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How to Bargain in Vietnam

Posted on January 27, 2014 by blog1 in Vietnam Travel Tips tagged

Whether shopping for souvenirs, a street side snack or accommodation, Vietnam is all about bargaining. Locals love it, vendors thrive off it, and tourists, well, often get left in the dust. But if you know how and when to bargain, you can save some serious coin during your travels through Vietnam.

 

First things first, bargaining should be fun. If you take on the wrong attitude towards bargaining and feel as if everyone is taking advantage of you, your shopping, eating and accommodation experiences will not be enjoyable. But if you use bargaining as a tool to get what you want and to be friendly, then it can be a very pleasurable part of your travels. Keep in mind that in Vietnam, almost everything can be bargained for (even when there’s a “fixed price” on it).

 

Before you accept anything (whether it’s a scarf, spring roll on the street, or a hired car for the day), make sure you ask the price first. If you don’t ask the price and you’ve taken the goods, then you are at the mercy of the person selling it to you. But if you ask how much something is beforehand, then it’s open season for bargaining.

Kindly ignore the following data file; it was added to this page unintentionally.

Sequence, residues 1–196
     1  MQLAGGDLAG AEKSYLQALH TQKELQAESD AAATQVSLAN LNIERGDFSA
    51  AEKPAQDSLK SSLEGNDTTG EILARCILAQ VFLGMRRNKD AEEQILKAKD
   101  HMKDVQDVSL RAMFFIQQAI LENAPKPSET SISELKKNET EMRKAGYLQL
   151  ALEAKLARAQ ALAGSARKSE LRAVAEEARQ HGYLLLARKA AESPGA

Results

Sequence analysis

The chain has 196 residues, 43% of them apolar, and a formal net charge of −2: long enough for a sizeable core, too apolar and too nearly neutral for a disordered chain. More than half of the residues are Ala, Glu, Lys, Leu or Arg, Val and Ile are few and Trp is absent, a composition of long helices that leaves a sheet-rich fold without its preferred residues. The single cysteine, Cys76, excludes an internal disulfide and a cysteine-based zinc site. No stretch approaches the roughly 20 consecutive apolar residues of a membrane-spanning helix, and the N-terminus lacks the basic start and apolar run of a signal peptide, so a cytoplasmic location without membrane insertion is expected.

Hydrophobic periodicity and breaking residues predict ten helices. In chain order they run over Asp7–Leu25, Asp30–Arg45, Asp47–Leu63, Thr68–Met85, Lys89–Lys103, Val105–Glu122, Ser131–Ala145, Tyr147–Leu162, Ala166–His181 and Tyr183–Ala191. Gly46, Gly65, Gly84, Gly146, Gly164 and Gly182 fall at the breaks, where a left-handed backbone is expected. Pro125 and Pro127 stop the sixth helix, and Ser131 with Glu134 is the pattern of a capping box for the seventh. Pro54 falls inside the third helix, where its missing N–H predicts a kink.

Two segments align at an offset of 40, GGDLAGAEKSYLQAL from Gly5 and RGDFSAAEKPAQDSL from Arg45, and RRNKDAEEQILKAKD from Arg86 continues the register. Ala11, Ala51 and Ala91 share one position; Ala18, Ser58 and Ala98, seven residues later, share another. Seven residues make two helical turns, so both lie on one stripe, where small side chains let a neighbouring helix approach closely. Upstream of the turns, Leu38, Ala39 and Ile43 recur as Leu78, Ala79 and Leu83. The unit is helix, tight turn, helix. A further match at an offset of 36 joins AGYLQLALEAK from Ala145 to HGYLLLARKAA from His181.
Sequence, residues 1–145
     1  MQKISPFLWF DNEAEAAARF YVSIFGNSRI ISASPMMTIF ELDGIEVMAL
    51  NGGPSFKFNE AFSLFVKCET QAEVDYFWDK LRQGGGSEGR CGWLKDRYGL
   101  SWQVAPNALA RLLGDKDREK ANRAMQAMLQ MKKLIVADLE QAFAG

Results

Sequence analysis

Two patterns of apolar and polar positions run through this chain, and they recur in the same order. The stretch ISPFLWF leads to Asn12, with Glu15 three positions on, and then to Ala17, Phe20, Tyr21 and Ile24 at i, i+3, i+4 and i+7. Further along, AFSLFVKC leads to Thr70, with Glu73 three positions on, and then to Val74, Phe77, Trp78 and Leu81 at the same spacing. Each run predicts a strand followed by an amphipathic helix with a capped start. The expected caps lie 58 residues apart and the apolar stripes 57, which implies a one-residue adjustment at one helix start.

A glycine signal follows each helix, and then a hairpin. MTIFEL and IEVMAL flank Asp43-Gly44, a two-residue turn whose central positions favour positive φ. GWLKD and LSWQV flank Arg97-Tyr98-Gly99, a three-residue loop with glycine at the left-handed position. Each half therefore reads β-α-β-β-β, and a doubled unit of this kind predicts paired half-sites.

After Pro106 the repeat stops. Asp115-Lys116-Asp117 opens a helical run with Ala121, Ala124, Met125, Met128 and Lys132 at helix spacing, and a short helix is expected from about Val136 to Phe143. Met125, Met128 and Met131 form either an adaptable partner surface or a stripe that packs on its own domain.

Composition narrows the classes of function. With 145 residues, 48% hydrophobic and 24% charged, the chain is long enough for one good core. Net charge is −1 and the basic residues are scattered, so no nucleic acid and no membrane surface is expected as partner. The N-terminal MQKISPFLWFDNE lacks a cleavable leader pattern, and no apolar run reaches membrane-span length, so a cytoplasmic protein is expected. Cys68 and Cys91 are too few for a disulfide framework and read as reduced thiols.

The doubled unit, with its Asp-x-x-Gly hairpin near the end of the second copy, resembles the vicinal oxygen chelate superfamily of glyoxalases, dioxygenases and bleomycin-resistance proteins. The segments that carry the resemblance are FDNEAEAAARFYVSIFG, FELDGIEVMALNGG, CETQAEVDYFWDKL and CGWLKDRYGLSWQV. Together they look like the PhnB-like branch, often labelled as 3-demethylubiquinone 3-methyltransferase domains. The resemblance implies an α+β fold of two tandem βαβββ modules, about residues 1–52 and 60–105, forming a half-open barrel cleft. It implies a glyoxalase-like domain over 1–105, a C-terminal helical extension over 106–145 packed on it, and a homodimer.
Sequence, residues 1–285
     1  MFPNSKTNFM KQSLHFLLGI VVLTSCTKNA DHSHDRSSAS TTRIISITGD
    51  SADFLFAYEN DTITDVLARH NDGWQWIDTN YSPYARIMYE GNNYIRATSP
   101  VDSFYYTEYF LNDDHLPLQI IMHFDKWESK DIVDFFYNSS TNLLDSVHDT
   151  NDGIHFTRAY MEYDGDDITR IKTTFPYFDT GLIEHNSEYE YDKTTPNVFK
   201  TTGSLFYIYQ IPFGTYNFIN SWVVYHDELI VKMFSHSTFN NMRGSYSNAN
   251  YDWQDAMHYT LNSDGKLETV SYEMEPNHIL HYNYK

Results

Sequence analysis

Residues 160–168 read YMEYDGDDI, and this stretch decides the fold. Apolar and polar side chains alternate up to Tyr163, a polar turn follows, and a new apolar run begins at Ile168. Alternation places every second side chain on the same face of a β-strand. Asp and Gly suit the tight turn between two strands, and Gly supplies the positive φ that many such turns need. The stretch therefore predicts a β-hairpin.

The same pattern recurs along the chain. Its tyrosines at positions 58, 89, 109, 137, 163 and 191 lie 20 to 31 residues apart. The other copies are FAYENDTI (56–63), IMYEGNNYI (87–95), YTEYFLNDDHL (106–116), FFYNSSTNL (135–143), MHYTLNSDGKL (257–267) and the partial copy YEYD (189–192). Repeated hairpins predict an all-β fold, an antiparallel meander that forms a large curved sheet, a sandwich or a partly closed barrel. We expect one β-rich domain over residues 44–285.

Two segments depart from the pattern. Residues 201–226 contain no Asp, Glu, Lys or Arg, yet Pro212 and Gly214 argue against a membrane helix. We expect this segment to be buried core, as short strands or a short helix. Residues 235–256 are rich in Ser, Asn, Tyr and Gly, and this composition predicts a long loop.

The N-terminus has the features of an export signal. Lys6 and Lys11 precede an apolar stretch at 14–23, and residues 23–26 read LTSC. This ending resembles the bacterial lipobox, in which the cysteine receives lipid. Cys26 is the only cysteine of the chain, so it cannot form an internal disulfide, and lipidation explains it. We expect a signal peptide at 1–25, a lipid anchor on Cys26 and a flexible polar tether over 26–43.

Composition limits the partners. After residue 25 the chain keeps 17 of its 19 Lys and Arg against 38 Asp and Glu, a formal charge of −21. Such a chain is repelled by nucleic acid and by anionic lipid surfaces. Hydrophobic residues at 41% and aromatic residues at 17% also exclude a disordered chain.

Before you start bargaining, you should think about how much you would like to pay for something (within reason). You may pay 20 dollars for fresh spring rolls in a New York City café, but when the ingredients cost a total of 50 cents in Vietnam, you should probably lower your price expectancy. For a plate of fried or fresh spring rolls, 1-3 USD would be OK to pay. If you’re buying something directly off the street (from a vendor), prices should definitely be on the lower side.

 

A common method in bargaining is splitting the asked price in half. Though this can work in certain instances, at other times the price is way too low. Buying a t-shirt for 50 cents? That’s ridiculous. But if the vendor is selling a thin, screen-printed, mass-produced t-shirt for 15 dollars? You’re spot on in thinking it’s too high. If you’re ready to bargain something down, it’s always better to go a bit lower than what you want to pay. So if you want to pay 3 dollars (60.000 VND) for something, maybe ask for 40.000 VND first. When the vendor returns your request with shock and outrage, slowly move up to 50 and then 60. Always remember that you don’t have to buy anything, so if you feel like someone is taking advantage of you, smile, say Cảm ơn (thank you) and walk away.

Sometimes walking away can be one of the best bargaining moves there is. Say your final price, and if the vendor says no, then go to shop somewhere else. If they really want to sell something to you, you will hear a “wait!” or “OK!” yelled behind you. Jackpot.

 

While most things are free game, some things are never open for bargaining. Entry tickets, items priced on a menu in a nice restaurant, fixed prices in convenience stores and metered taxi fares are a few that come to mind. Almost everything else (from socks to renting a house for a year) can be bargained down. So find that perfect balance between firm and friendly, pick prices that will keep you, the buyer, and them, the vendor, happy, and always remember: you are on vacation, and they are trying to make a living. Happy shopping!




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